FAIRFIELD — The buildings that once housed General Electric’s hilltop Fairfield headquarters will retain the same modern facades that greeted company employees as they milled in for a day of work when, soon, students and professors rush about the halls.

The lobbies too will remain intact — aside from a Sacred Heart University logo replacing GE’s icon. But turning down the halls, a computing school, business offices and eventually a business incubator-type program will occupy what is currently office space, following renovations.

Nearby, the site’s hotel will keep hosting guests, run by the university as part of a new hospitality program.

SHU’s vision for the 66-acre GE campus, which it agreed to purchase on Nov. 21 for $31.5 million, is still taking shape. But a need for more space to accommodate rising enrollment and program additions already in motion made the property an attractive buy for the school.

The motivating forces offer a glimpse at how the property will be used after its transformation from corporate headquarters to college campus.

“At first we said no. We weren’t interested,” said Michael J. Kinney, senior vice president for finance and administration. “Then we went up and took a look.”

Educational vision

What some of the university’s top leadership found on a visit was the property had buildings that could satisfy its need for more classroom space and parking — at a price tag several million less than the estimated cost of new construction.

Kinney tied the need for more space to the university’s current growth. He said SHU has upped its undergraduate population by about 1,400 students over the past four to five years, with trustee approval to keep expanding.

SHU currently enrolls a total of 8,235 students, more than 5,000 of whom are undergraduates, according to U.S. News & World Report’s 2017 assessment.

“Some years in the future, probably a little past my lifetime here, I think you’re looking at a combination of undergraduate and graduate of 10,000,” Kinney said. He expects graduate growth to be drawn more locally, but the university is working to expand its undergraduate reach in southern and southwestern states.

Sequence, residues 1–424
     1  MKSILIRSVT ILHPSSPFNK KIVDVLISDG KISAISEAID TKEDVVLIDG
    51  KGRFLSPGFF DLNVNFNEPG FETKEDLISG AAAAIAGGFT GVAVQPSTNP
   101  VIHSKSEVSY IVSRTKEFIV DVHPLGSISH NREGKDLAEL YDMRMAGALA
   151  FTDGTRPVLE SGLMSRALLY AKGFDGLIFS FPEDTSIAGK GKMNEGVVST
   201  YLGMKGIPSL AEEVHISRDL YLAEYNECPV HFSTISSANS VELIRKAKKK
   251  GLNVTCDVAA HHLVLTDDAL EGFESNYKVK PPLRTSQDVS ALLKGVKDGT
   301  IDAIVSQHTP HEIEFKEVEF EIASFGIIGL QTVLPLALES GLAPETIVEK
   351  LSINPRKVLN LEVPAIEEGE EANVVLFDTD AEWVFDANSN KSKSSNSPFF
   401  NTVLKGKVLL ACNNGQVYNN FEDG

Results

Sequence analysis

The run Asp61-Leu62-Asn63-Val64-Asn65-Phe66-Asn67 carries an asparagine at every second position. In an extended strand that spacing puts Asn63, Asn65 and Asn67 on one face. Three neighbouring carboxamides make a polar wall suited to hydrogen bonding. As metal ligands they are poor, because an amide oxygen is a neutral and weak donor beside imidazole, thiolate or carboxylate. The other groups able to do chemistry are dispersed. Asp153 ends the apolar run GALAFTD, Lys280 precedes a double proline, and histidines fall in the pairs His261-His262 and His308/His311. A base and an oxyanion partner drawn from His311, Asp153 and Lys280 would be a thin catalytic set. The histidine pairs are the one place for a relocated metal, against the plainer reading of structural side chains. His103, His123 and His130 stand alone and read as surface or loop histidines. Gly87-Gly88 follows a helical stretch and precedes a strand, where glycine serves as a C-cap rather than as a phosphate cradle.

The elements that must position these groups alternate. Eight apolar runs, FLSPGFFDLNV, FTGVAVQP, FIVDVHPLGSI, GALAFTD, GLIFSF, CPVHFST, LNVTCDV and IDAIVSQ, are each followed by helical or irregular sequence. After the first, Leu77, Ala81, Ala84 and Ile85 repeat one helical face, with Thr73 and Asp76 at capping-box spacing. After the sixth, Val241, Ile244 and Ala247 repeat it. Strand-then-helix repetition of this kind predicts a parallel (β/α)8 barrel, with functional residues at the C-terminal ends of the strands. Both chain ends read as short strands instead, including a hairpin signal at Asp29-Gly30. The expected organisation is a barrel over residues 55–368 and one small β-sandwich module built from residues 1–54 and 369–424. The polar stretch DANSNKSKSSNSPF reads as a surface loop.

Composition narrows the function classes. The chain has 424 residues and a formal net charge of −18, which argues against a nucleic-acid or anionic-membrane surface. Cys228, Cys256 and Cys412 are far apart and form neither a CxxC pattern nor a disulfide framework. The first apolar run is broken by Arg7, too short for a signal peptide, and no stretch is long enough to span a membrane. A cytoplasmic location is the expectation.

The G.E. property also hosts a 28-room hotel. SHU had been in the process of launching a hospitality program and plans to use the facility as part its curriculum, combined with the Great River Golf Club’s restaurant and golf course.

The university bought the Milford club property last year and had been developing the hospitality program around the 150-acre purchase. Kinney estimated the program will launch in about a year.

Along a similar timeline, SHU will not renew its leases for facilities in Trumbull next December, moving offices and classes in the rented spaces to the former G.E. site or current campus space freed up from the addition.

The School of Computing, launched this fall, SHU’s College of Education and some business offices will be among programs moved to the new section of campus. The Jack Welch College of Business — having already outgrown a new facility built to house the school two years ago — may also use some of the new space, Kinney said.

On the site, a business incubator-type program to offer space and aid for start-up businesses to grow is also in SHU’s future vision, though its formation could be several months or years down the road.

“It’s not your old, just going to school type of activities,” Kinney said. “This will be robust, it will be exciting and a lot of activity will take place up there.”

Town impact

With SHU’s transformation of the former corporate campus still in its early stages town officials have looked at a more immediate concern: the $1.5 million in tax revenue from the site.

One aspect officials discussed the day after the sale’s announcement was that for-profit businesses on the site would still pay Fairfield property taxes, but the possibility that a student-run hotel operating as part of an educational program might be exempt.

Kinney said in a later interview that SHU will own the site’s hotel and will not contract with a hotel chain.

Outside of the tax bill, rising student enrollment could also have an economic impact on the town. Students and university visitors spend money locally in Fairfield, Bridgeport and other surrounding towns, and Kinney estimated the related boost for the local economy to grow significantly in the coming years.

The town’s Office of Community and Economic Development Director Mark Barnhart said both SHU and nearby Fairfield University are significant local employers and contribute to the local economy.

“We’re fortunate to have two universities of this caliber located in a town this size,” Barnhart said. “Part of our challenge is to harness the talent that’s there and to leverage that in a way to help grow the local economy.”

He called the universities a source of talent for the area’s labor pool and said a college program, such as SHU’s freshly-launched computing school, could help grow related aspects of the town’s economy.

“The potential is clear,” he said.

SHU and town officials are currently meeting on a weekly basis to discuss the relationship between the university and Town of Fairfield, First Selectman Mike Tetreau said. With the university’s exact plans for its 66 new acres still unfolding, the town intends to stay in close communication.

“Sacred Heart has been a good neighbor,” Tetreau said. “We want that to continue. That’s why we’re talking with them as we are.”

Lweiss@hearstmediact.com; @LauraEWeiss16